BRUSSELS Feb 3 A group of European
regulators has written to Google Inc calling on it to
to investigate whether the proposals sufficiently protect users'
Google said in January it was simplifying its privacy
regulations, consolidating 60 guidelines into a single policy
that will function across all its services, including YouTube,
Gmail and Google+, its social network site.
The Article 29 Working Party, an independent body that
brings together data protection authorities from each of the
EU's 27 countries and the EU's executive European Commission,
said it needed to examine Google's plans more thoroughly before
the search group's policy comes into effect on March 1.
"Given the wide range of services you offer, and the
affect many citizens in most or all of the EU member states,"
the group wrote to Google Chief Executive Larry Page on Feb. 2.
"We wish to check the possible consequences for the
protection of the personal data of these citizens in a
coordinated way," it said, explaining that France's data
protection authority would be in charge of the investigation.
"In light of the above, we call for a pause in the interests
of ensuring that there can be no misunderstanding about Google's
commitments to information rights of their users and EU
citizens, until we have completed our analysis."
The European commissioner in charge of data protection,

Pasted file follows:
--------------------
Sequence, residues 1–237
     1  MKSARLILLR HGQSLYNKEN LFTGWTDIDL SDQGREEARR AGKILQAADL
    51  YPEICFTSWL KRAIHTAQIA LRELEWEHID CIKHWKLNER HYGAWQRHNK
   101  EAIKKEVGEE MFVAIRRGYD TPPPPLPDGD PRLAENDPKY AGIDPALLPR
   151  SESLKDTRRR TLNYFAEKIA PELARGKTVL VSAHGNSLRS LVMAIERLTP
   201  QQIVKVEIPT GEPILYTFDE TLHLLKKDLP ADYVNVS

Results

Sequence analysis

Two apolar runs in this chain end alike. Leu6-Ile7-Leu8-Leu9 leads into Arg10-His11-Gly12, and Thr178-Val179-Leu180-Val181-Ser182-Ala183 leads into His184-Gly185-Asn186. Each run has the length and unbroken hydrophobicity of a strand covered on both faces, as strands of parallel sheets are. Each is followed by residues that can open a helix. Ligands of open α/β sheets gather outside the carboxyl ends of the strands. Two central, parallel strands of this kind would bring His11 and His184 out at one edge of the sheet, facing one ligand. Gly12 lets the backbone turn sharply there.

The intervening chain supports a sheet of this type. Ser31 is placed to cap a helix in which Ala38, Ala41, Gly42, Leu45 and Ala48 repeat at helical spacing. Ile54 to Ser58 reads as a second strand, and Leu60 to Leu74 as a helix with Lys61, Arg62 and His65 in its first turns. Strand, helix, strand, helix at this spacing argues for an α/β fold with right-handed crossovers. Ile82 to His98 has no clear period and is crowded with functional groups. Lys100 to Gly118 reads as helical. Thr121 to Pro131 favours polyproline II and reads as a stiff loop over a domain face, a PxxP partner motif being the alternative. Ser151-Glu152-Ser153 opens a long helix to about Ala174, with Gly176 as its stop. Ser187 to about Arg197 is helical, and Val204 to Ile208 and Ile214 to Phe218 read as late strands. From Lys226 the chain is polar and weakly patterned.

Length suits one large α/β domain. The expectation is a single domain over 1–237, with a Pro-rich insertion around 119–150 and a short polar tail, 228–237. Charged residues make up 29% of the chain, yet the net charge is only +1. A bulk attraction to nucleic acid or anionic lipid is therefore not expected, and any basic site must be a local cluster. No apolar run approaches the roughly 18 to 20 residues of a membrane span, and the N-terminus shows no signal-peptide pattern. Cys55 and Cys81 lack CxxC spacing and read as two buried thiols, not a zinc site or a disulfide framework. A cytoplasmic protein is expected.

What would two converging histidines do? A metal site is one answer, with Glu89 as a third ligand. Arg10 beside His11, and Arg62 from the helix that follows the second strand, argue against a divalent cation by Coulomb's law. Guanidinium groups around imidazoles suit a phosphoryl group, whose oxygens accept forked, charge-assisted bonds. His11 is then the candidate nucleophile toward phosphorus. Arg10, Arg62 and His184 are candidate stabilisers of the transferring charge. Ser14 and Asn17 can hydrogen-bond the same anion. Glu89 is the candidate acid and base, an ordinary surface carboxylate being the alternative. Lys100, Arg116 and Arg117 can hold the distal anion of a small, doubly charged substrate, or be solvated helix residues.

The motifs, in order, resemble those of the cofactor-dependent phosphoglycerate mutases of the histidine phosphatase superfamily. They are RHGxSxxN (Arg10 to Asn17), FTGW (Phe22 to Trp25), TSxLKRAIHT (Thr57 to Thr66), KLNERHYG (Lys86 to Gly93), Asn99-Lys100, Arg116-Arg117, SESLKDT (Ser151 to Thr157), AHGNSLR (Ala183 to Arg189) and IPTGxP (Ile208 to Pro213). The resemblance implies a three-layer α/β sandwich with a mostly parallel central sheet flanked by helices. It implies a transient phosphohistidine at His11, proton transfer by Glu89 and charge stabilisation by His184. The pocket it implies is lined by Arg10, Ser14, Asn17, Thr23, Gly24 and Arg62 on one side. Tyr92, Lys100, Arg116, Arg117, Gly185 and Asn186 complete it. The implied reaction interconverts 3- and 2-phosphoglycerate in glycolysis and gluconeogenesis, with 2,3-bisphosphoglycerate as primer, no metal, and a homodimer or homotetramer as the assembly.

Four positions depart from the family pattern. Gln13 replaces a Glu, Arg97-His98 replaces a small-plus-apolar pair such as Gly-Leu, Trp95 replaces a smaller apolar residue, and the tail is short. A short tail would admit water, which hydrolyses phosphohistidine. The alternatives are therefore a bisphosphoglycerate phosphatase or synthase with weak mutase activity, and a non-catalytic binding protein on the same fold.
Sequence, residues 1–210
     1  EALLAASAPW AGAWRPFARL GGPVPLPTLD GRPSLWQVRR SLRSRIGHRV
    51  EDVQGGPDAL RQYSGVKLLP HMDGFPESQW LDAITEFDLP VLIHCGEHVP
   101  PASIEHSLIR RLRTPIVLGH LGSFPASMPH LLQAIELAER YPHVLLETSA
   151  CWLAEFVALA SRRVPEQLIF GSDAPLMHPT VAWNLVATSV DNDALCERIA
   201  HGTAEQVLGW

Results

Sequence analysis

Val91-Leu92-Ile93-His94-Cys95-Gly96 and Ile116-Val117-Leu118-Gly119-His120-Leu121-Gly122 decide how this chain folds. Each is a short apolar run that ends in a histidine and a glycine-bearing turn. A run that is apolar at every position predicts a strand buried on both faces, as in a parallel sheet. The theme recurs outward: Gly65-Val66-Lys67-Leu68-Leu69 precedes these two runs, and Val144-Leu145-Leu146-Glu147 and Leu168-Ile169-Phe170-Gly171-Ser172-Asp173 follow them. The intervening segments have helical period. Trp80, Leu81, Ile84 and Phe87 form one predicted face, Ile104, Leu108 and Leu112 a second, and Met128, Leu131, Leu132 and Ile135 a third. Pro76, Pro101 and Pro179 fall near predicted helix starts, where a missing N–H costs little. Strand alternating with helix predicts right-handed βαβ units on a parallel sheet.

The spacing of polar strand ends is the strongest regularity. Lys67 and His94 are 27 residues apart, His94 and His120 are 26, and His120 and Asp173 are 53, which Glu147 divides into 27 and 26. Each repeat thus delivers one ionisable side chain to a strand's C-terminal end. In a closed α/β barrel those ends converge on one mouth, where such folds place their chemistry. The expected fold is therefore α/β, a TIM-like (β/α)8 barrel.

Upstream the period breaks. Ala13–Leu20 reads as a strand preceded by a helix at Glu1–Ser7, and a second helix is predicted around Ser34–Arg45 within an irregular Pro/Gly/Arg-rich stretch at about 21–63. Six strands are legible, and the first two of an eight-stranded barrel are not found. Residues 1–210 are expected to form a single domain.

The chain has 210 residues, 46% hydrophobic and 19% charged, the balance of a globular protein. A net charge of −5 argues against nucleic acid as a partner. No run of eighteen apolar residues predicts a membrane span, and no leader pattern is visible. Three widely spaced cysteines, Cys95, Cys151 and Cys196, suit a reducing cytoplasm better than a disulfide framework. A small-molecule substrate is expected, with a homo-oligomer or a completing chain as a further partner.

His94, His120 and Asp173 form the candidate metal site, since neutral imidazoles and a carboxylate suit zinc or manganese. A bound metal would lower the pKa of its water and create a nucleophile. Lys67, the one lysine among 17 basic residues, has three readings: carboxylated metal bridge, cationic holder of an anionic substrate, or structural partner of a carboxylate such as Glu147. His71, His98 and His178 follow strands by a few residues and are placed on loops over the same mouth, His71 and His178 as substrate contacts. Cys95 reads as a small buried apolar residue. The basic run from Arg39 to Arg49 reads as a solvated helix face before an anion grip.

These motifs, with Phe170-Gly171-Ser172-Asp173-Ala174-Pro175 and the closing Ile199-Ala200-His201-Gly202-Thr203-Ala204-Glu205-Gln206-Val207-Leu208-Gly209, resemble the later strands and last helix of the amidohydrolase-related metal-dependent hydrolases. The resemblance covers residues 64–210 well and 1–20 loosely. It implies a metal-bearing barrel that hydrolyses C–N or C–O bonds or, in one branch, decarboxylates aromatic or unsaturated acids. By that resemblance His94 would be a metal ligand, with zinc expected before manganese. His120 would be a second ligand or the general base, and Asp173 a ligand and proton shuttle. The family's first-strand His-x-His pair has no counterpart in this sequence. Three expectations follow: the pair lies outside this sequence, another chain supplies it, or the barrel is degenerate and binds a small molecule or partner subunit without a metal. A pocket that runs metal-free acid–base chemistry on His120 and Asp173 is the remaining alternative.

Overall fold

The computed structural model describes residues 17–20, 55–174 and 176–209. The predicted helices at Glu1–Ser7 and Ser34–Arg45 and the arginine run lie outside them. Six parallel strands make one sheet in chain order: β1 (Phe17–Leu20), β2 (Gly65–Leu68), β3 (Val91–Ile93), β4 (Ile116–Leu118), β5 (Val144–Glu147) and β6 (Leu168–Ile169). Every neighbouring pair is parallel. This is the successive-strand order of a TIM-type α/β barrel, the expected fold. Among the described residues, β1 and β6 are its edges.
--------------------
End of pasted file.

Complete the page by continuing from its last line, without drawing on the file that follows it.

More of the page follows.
Viviane Reding, welcomed the move, saying it was a necessary to
establish that EU data rules were being firmly applied.
"The Commission therefore calls on Europe's data protection
authorities to ensure that EU law is fully complied with in
Google said the raising of concerns came as a surprise.
"We briefed most of the members of the working party in the
weeks leading up to our announcement," said Al Verney, Google's
spokesman in Brussels.
"None of them expressed substantial concerns at the time,
but of course we're happy to speak with any data protection
authority that has questions."
Google's director of public policy has explained the new
policy as a commitment to simplicity, with the company trying to
explain its guidelines far more concisely.
"We're explaining our privacy commitments to users of those
products in 85 percent fewer words," Pablo Chavez wrote on his
blog on Jan. 31.
The new policy explains what information Google collects
from the millions of people who use its services every day, why
the information is collected, how it is used and what choices
are then offered to limit how it is accessed and updated.
While Google is not obliged to wait for the conclusion of
the Article 29 Working Group's investigation before adopting its
new policy, the company has tended in the past to be as
cooperative as possible with European authorities.
The move by the EU regulators comes days after the European
Commission set out legislative plans to overhaul its 17-year-old
data protection rules, putting in place much more stringent
policies on the protection of individual's data.
Under the new rules, internet companies such as Google,
Facebook and Yahoo would have to ask users whether they
can store and sell their data to other businesses, such as
advertisers, which is source of almost all their income.
Internet users can also ask for their data to be deleted
from websites for good, the so-called "right to be forgotten."
Separately, Google remains the subject of an inquiry by both
the EU's competition authority and the U.S. Federal Trade
Commission into how the company ranks its search results. The
inquiries are based in part on complaints from French rivals.
The FTC expanded its probe on Jan. 13 to include Google's
social networking site Google+.